Is it snowing yet? Wait for it, it will. Runways covered in snow or recently ploughed present some challenges.
A Cessna C-172 pilot departed a northern Ontario airport for a short sightseeing flight. He returned for landing 20 minutes later and shortly after touchdown, the right wheel hit some snow that had drifted partially across the runway. The aircraft veered right and impacted the snow bank on the right side of the runway.
A PA28-140 Cherokee was landing at Birch Hills, Sask. when the left wheel encountered some snow, causing it to veer off the runway. It struck a snow bank and overturned.
An instructor and student in a C-172 decided to practice a touch-and-go at a nearby airport. As they accelerated during the “go” part of the procedure, they noticed a snow windrow across the runway. The instructor took control and tried to clear the windrow. Unfortunately, the main wheels clipped the windrow. He maintained control of the aircraft with difficulty and proceeded back to the home airport to have the main gear checked.
A Beech 24R pilot was attempting to land on a runway that was 100 per cent covered with glare ice and compact snow. The pilot believed the ice was bare pavement. On touchdown, the aircraft slid off the left side of the runway and hit a snow bank. The nose gear broke off and the propeller was damaged.
The Bellanca BL17 pilot reported hitting a patch of ice on landing and slid into a snow bank. There were no injuries. Damage to the aircraft is unknown.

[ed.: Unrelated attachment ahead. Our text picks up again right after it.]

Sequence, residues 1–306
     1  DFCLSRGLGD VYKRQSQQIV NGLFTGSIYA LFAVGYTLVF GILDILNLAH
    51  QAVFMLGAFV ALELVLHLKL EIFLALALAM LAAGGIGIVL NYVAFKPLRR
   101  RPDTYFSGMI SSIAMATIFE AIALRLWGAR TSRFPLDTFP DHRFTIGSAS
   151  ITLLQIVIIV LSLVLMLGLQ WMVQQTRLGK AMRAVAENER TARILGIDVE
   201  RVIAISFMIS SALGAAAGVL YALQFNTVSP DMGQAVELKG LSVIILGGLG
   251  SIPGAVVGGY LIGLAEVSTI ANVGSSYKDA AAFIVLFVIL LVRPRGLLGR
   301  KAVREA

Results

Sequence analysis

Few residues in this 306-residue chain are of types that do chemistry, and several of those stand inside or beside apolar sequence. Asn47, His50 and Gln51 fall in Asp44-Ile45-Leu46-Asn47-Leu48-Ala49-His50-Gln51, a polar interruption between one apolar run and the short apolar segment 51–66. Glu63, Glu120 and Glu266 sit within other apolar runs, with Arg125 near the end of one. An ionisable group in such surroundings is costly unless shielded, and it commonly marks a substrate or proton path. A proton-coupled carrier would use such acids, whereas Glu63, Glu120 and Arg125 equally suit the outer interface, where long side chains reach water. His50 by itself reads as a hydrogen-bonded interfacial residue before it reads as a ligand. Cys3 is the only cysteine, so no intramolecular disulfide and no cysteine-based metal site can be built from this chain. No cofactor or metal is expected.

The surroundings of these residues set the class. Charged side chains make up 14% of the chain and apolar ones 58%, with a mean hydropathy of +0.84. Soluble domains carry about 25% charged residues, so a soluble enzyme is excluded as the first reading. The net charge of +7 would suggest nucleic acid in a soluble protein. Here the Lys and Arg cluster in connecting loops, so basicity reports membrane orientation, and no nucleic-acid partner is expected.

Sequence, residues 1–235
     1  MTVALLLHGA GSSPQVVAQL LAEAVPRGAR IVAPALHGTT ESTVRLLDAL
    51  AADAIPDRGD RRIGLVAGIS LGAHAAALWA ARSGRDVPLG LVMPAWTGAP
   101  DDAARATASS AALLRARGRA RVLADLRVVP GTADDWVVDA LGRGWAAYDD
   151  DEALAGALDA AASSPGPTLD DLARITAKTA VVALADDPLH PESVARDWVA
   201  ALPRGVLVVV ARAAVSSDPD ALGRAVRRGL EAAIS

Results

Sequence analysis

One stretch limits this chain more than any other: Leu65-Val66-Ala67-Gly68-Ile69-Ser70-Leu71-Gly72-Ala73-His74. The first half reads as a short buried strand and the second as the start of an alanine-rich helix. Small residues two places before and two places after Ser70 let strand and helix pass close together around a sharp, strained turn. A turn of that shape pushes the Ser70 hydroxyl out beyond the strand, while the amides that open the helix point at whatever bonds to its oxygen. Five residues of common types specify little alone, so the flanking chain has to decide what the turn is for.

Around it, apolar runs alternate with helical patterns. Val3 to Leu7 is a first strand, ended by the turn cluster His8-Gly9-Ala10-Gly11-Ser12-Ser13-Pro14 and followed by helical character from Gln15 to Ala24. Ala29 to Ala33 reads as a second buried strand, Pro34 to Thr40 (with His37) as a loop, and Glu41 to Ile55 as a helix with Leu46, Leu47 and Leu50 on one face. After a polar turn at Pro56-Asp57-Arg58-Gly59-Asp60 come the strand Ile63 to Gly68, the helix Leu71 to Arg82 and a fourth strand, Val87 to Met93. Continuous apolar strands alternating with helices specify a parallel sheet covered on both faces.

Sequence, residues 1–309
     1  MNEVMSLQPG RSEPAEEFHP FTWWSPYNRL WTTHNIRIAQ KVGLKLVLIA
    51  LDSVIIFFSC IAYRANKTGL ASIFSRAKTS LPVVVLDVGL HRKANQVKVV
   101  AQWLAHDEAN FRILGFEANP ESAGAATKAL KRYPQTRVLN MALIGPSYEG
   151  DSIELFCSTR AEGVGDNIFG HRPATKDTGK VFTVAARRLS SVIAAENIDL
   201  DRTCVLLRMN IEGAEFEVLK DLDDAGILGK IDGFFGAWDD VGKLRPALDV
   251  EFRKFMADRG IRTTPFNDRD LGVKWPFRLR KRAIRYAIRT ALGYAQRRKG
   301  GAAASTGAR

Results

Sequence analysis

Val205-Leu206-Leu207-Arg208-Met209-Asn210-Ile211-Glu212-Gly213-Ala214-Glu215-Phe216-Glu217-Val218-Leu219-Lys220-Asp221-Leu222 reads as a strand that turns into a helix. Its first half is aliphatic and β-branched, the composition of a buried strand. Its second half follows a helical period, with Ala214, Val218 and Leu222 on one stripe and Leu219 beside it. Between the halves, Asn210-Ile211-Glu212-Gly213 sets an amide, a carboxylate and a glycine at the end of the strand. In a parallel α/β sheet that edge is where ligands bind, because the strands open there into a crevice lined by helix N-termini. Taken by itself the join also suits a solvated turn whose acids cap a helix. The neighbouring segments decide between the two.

The pilot of a Cessna C-180K over flew a 2,400 foot private strip and judged it to be firm and suitable. On landing, the aircraft drifted right. Power was added and the aircraft became airborne for about 100 feet and touched down again with the right wheel on softer ground. The aircraft continued to the right until the right wheel hit a snow drift and the aircraft flipped over. The pilot was not injured.
A Taylorcraft BC1201 pilot departed a snow-covered runway. He returned for a 3-point landing on runway 26. Depth perception was difficult, the aircraft stalled and landed hard, short of the runway. The main gear collapsed and the propeller was damaged.
The pilot of the Piper PA-32-300 aircraft was practicing a short field landing at Lake Simcoe Regional Airport when the aircraft's main wheels contacted a snow bank at the threshold of runway 28. There was substantial damage to the landing gear and propeller.
A Christavia Mk 1 hit a snowdrift on take-off. The aircraft ground looped and nosed over, damaging the propeller.
The C-172 pilots and the PA28-140 pilot did not check out the runway conditions before the landing or the touch-and-go. A precautionary approach may have saved them from some very tense moments or a lot of grief. At airports where there is no control tower or FSS, or other aircraft traffic, we have no way of determining the runway condition unless we perform a precautionary approach.
The first C-172 pilot discovered that drifting snow can change the runway condition in 20 minutes. The PA28-140 pilot learned that it does not take much snow to grab a tire and send you off into a snow bank.